"Hunter, are you still in pursuit?"

"Southbound on Alvarado."

"Brass wants you out of there. We have civilian injury reports incoming."

The comm implant was new tech. It had taken me several days to get used to hearing voices in my head, and several more to learn how to broadcast my thoughts in response to Cuernas Central Command's messages. The very first thing I learned, though, was how to ignore the damn thing, and that's what I did now. I'd tracked this rogue wolf for almost a month. Seven people were dead. That left a lot of grieving families and friends. No way was I giving up.

The shot to the werewolf's leg had slowed it some. I was gaining on it. As people bailed out of vehicles and ran for their lives, I took aim and squeezed off another three rounds. The werewolf jerked and yelped in pain as the silver bullets burrowed deep and burned. It landed heavily on the sidewalk, rolled, and turned down Revolution Boulevard.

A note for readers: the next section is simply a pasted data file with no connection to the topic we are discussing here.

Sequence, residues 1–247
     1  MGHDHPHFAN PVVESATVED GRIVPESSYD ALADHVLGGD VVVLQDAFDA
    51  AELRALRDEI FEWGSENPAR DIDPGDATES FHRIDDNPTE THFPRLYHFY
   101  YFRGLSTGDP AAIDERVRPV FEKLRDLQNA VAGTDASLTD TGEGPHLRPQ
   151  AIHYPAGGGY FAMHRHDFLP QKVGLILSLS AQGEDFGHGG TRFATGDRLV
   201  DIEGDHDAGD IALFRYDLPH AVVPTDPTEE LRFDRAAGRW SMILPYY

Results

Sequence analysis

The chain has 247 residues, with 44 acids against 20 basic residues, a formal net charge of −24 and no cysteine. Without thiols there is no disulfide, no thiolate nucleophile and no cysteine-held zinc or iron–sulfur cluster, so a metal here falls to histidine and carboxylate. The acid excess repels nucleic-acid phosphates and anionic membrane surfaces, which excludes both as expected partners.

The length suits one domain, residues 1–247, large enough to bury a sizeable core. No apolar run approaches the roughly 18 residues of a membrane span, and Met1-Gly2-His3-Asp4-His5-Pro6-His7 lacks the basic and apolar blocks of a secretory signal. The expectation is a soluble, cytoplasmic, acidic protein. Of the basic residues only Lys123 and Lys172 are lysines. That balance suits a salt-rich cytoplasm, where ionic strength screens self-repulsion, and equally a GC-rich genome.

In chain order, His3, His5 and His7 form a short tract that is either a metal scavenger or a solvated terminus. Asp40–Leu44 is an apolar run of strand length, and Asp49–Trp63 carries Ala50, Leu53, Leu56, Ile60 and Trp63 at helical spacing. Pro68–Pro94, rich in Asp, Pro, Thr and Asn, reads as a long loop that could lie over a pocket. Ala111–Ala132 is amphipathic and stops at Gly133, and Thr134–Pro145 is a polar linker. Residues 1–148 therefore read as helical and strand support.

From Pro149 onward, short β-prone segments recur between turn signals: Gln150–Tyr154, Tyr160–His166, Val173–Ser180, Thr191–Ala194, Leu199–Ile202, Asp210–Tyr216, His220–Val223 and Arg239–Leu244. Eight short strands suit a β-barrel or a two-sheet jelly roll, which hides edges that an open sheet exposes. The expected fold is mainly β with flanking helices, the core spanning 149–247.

"West on Revolution." I leapt, grabbed the pole of a street light, swung down onto the sidewalk, and hit the ground running. "Request air support."

"Denied. SWAT is inbound. Disengage, Hunter."

"Not gonna happen."

Yelling and screaming echoed off the downtown buildings. Terrified people scattered pell-mell to avoid the very large, rampaging werewolf and the gun-toting guy chasing it.

"Move!" I bellowed. I leapt over a downed civilian and kept running. My boots pounded against the concrete, the sun glinting off my silver toe guards.


I hit Revolution and rounded the corner in time to see the rogue plow through the intricate ceramic tile mosaic that framed the Cuernas Art Museum's main entrance. Shit. Brass was gonna be pissed.

"PWT has entered the CAM."

A familiar voice hit my skull like a bell's clapper.

"Goddammit Daugh! Stand down!"

"Hey Brass. Where's SWAT?"

"Five minutes out. Do not enter–"